Peace is the big loser in the Israeli election
The aftermath of Israel’s general election leaves many people worthy of sympathy: Tzipi Livni, leader of the centrist Kadima party, probably comes top of the list. Despite winning the most votes and seats, she may well see the premiership snatched away from her.
But President Barack Obama and his new envoy to Israel and the Palestinians, George Mitchell, also deserve a moment’s thought. Their quest for peace in the Middle East has suffered another body blow.
Make no mistake: the results of this disastrous election could scarcely be worse for the prospects of a settlement.
Israelis take huge and justified pride in their country’s democratic spirit, yet most are convinced that their political system is now "crushed", to borrow the expression of Ehud Barak, the Labour leader. Israel’s pure form of proportional representation ensures that the election does not create a government. Instead, the new coalition will only emerge from weeks of bargaining.
Today, Israelis have no idea whether Miss Livni or Benjamin Netanyahu, leader of the Right-wing Likud party, will be their next prime minister. Nor can they tell which parties will comprise the new government. They do know that Kadima came first in the election; but Mr Netanyahu and the Right-wing parties have an overall majority in the Knesset. Meanwhile, Avigdor Lieberman , the leader of the ultra-nationalist Yisrael Beiteinu party, came a close third and holds the balance of power.
Despite having won less than 13 per cent of the vote, Mr Lieberman is now Israel’s most powerful man, able to choose the next prime minister and make or break a coalition. The two most likely possibilities are both equally disastrous. The first is that Mr Lieberman installs his ideological ally, Mr Netanyahu, as prime minister. Assuming that Miss Livni keeps her promise to steer clear of any such government, the new coalition would consist entirely of Right-wing parties, with Likud being the most moderate.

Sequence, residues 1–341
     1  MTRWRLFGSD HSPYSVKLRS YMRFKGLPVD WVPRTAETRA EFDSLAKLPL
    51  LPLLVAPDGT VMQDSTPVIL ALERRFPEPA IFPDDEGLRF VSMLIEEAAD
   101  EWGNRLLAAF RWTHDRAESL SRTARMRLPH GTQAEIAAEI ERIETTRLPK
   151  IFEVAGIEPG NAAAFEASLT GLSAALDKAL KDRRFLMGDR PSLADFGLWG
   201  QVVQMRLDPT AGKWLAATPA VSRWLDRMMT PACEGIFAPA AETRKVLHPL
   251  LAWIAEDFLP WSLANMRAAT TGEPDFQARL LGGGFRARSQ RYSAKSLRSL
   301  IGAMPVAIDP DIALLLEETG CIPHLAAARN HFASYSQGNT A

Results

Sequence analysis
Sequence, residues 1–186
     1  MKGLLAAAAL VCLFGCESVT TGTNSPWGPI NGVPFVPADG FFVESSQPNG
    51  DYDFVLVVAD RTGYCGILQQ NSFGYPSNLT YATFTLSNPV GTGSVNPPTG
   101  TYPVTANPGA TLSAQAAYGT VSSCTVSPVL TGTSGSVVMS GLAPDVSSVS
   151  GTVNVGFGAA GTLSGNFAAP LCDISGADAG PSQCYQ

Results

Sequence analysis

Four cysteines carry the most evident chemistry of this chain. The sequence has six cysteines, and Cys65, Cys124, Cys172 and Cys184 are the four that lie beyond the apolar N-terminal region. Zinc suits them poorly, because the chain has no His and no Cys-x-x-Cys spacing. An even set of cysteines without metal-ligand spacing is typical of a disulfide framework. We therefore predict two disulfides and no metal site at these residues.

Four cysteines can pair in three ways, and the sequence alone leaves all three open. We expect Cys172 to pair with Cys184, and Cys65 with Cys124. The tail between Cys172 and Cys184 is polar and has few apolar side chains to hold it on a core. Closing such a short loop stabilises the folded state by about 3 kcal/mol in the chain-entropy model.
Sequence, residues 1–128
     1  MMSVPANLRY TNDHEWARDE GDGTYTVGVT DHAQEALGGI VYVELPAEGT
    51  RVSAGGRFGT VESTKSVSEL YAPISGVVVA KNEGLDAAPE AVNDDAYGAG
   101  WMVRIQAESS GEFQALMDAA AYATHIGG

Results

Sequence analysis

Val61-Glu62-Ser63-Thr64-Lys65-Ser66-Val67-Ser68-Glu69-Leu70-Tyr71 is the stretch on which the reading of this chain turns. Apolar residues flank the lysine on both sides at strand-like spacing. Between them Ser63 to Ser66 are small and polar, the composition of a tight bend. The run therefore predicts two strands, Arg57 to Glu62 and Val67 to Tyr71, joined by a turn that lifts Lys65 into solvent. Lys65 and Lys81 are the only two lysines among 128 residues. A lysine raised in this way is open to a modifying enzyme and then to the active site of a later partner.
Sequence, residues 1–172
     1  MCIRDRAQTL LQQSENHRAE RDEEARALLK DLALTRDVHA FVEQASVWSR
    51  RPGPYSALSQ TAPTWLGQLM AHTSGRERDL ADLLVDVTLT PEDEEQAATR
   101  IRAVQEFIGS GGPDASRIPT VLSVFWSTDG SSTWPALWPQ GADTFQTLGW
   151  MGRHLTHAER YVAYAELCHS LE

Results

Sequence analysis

If so, this would create the most hardline Israeli government since Yitzhak Shamir’s administration almost 20 years ago. Such a government would oppose any withdrawal from the Golan Heights, scuppering the chances of a settlement with Syria. Nor would it share Jerusalem or dismantle any West Bank settlements, rendering a peace agreement with the Palestinians almost inconceivable.
As Israel’s most Americanised politician, Mr Netanyahu knows the folly of alienating Washington. If, however, he is the most moderate member of an nationalist coalition, he may still be a deeply uncomfortable partner for Mr Obama.
The second possibility is that Mr Lieberman chooses Miss Livni for the premiership. On domestic policy, Miss Livni and Mr Lieberman both want to see electoral reform and, as secular leaders, both want to remove the requirement for Israelis to marry under Jewish law.
On the peace process, however, they are poles apart. Miss Livni is no dove, but she accepts the principle of a Palestinian state and the dismantling of some Jewish settlements this would entail. Mr Lieberman does not.
A Livni-Lieberman coalition would be paralysed on the supreme question of peace with the Palestinians. Once again, this would be deeply troublesome for Mr Obama.
The only other alternative would be a grand coalition including Mr Netanyahu and Miss Livni. Yet this would require one leader to serve as a subordinate to the other – an option they have both ruled out.
In sum, Israel may soon have its most hardline government for 20 years – or an administration paralysed by rivalry. Either outcome would place an immense burden on Mr Obama.
© The Telegraph Group London